Some people prefer to go out on their own – the sun suddenly comes out, you’ve finished that job, and seize the moment.

Others like walking with people – there is a discipline in having a fixed day and time, maybe someone else to lead the walk, and often a lunch stop thrown in.

There are plenty of walking groups out there – from long-distance ramblers to shorter park walks for heart and health. One of the many joys of retirement is that you have more time to check out what is available.

For me, walking is generally about going out with the dog. I like a sense of purpose so have just embarked on a long-distance footpath which is being tackled in nice bite-sized stages.

Litter picking

Something else that gives a real purpose to a walk is litter picking. I’ve always hated litter, and have periodically been out and cleared a grot spot.

But more recently it has become something of a mission. Armed with a litter picker and rubbish bags, it really is amazing how many people you get to chat to.

There is a great sense of satisfaction at seeing your local neighbourhood litter-free, even if you have to keep going back over old ground.

Again, it can be a solo occupation but it can also be very sociable.

There are often litter picking groups in towns, and group litter picks. (South Leicestershire Litter Picking Wombles, of which I’m a member, is now up to 3,000 wombles!)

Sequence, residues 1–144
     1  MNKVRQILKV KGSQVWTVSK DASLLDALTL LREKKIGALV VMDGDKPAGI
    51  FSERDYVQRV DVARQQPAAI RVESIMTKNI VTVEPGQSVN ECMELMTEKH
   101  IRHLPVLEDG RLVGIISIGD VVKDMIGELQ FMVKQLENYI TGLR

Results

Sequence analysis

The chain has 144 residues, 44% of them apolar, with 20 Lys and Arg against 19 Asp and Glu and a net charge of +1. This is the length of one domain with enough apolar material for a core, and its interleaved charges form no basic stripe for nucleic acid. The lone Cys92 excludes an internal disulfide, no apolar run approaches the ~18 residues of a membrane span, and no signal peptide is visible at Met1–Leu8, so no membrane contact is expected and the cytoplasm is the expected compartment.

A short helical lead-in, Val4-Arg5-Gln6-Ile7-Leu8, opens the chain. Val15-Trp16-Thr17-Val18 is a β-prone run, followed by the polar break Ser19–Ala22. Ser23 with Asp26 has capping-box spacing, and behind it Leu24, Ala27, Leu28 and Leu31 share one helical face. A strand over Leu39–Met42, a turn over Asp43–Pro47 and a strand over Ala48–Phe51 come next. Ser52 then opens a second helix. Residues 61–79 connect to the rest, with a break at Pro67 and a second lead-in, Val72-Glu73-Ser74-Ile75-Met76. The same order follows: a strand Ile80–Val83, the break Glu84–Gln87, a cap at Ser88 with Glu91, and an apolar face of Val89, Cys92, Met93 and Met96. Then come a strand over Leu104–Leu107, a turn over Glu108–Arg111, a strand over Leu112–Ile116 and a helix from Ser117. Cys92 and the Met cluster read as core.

A great chance to meet like-minded people, and another great way to get out and walk and get fit.


Gardening can be a great way to keep fit. You might like to think about getting an allotment – you’ll have time to process all those veg that you grow!

And it is lovely being able to deliver surplus produce to friends and neighbours.

You might even find yourself bartering with vegetables traded for other services.

Indulge your curiosity

Of course, retirement offers the opportunity to try out new activities that you never had time for.

Bowls is becoming increasingly popular as is petanque.

There are often beginners bird watching classes.

Or maybe something more daring beckons – that parachute or bungee jump you always fancied!

Mental stimulation

Brain games

We hear repeatedly that doing crosswords or sudoku, or some of the various word games that can be found online will help to keep dementia at bay.

Jigsaw puzzles can provide good mental stimulation. As can knitting, sewing, crochet – particularly if you are following difficult patterns!

And you can even play scrabble against the computer, or online if you don’t have an actual partner.


And then of course there is always reading. An ideal activity particularly if health issues mean that you can’t get out and about so much.